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Acts 12:24-25 meaning

The good news about Christ Jesus's death and resurrection continues to spread. More and more people believe in it. Barnabas and Saul (Paul) leave Jerusalem and take Barnabas' cousin, John Mark, with them.

This chapter began with persecution against believers in Jesus, and it ends with a hopeful turn, showing that God's will cannot be stopped by men. Luke just described the ultimate fate of Herod Agrippa I, who was struck dead by God, and goes on to demonstrate that God's plans continue to prosper:

But the word of the Lord continued to grow and to be multiplied (v. 24).

The word of the Lord means God's message, what God wants to tell humans. In Acts, the word of the Lord largely refers to the Gospel, the good news about how we can be born anew and be saved from sin and death if we have enough faith to look upon Jesus, to believe His death and resurrection will save us from the deadly venom of sin (John 3:14-15). It also refers to God's message that we can be restored to God's original design to work together in harmony with God and one another when we walk by faith, in the power of the Spirit (Galatians 5:16-22). 

So, the good news about Jesus continued to grow and to be multiplied (v 24): people continued to believe in this good word from the Lord! The church grew, the number of believers grew. For many years now, beginning with Jesus, the world had been trying to destroy this message by killing those who spoke it (Matthew 27:20, John 19:15, Acts 5:33, 7:59, 8:3, 12:2), but nothing can prevent God's plans.

Luke catches us up with Barnabas and Saul (later known as Paul, the Greek version of his name). The last instance they were mentioned, they were journeying down from Antioch to Jerusalem to deliver "a contribution for the relief of the brethren living in Judea" (Acts 11:29). 

Prophets had come from Judea to Antioch (in modern-day Turkey), warning that a famine would happen in the near future. So the Antiochian believers, who were better off materially than the Jewish believers, raised money from their own pockets to send to Judea, to help prepare their poorer brethren for the coming hard times. Barnabas and Saul (Paul) were entrusted with this charitable donation, and carried it all the way back south to Jerusalem. 

Luke tells us nothing about their time in Jerusalem. It is unknown whether they were there while Herod beheaded James the Apostle and arrested Peter (Acts 12:1-3). But based on the order in which Luke has arranged the events of this chapter, it comes across that they arrived in Jerusalem after the persecution of the church. And it does not sound as though they stayed very long:

And Barnabas and Saul returned from Jerusalem when they had fulfilled their mission, taking along with them John, who was also called Mark (v. 25).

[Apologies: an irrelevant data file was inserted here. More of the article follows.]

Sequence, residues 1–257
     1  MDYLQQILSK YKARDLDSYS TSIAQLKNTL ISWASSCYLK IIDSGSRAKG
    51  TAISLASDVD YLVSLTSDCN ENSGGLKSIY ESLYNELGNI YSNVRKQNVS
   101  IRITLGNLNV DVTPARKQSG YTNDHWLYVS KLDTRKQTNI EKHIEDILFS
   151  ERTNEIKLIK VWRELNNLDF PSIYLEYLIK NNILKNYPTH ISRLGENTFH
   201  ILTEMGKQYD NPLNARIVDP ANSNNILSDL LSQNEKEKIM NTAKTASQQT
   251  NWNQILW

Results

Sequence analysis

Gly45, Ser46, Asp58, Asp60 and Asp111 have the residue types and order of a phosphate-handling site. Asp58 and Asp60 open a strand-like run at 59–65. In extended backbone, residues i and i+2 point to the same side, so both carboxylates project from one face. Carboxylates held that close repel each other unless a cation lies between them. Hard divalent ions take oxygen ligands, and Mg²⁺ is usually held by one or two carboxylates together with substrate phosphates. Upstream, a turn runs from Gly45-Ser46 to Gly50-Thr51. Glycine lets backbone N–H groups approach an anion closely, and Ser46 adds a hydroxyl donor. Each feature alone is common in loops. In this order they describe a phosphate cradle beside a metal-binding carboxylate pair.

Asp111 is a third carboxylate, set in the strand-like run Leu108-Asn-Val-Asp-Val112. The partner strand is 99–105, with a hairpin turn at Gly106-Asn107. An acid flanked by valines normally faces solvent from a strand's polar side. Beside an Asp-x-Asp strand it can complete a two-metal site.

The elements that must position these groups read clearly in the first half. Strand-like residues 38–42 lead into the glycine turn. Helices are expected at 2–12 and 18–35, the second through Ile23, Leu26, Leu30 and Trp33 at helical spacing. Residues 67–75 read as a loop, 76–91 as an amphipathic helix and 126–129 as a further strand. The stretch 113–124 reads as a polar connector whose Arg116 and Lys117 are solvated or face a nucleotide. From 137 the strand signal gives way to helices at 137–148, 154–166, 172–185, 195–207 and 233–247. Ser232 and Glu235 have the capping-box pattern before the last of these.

They seem to have been focused only on the delivery of the money for the Jewish believers, because they depart Jerusalem as soon as they had fulfilled their mission. Their mission was to hand the Antiochian monetary gift to the elders in Jerusalem for distribution. Barnabas and Saul (Paul) leave Jerusalem, taking along another believer to help them with their gospel-preaching. They took John, who was also called Mark. Luke briefly introduced us to John Mark earlier. It was in his mother Mary's house that the group of believers had gathered to pray for Peter's life while he was in prison:

"the house of Mary, the mother of John who was also called Mark, where many were gathered together and were praying."
(Acts 12:12)

John Mark was a cousin of Barnabas's (Colossians 4:10). According to early church tradition, he is the author of the Gospel of Mark, which was based on the testimony of Peter.

The 4th-century church historian, Eusebius, quoted a 2nd-century Christian writer, Papias, who said, "Mark, being the interpreter of St. Peter, wrote down exactly whatever things he [Peter] remembered, yet not in the order in which Christ either spoke or did them; for he [Mark] was neither a hearer nor a follower of our Lord, but he was afterwards a follower of St. Peter."

Here in Acts 12 there is evidence that Peter knew John Mark. Given that his mother Mary hosted the prayer gathering at her house, it is possible that her house was a common location for believers to gather together. In the early days of the church, believers met in people's homes, rather than having a building designated for assembly. The Greek word translated "church" means "assembly" and refers to the gathering of the people rather than the physical space in which they gather (as is a common use in modern times). 

Peter appears to have known Mary and John Mark. Years later, toward the end of his life, Peter wrote his epistles, or letters, and references Mark, who is with him in Rome, assigning to him a title which indicates a close friendship, "my son,"

"She who is in Babylon, chosen together with you, sends you greetings, and so does my son, Mark."
(1 Peter 5:13)

Acts 12 provides the first mention of John Mark in scripture. He will accompany Barnabas and Saul (Paul) back to Antioch, and from there the trio will embark on a missionary journey into the western world, the first of its kind, to spread the good news of Jesus Christ. John Mark will desert the mission and become a source of dispute that divides Barnabas from Paul. Accordingly John Mark will become yet another example of a follower of Jesus who overcame failure to do great things for the gospel of Christ. 

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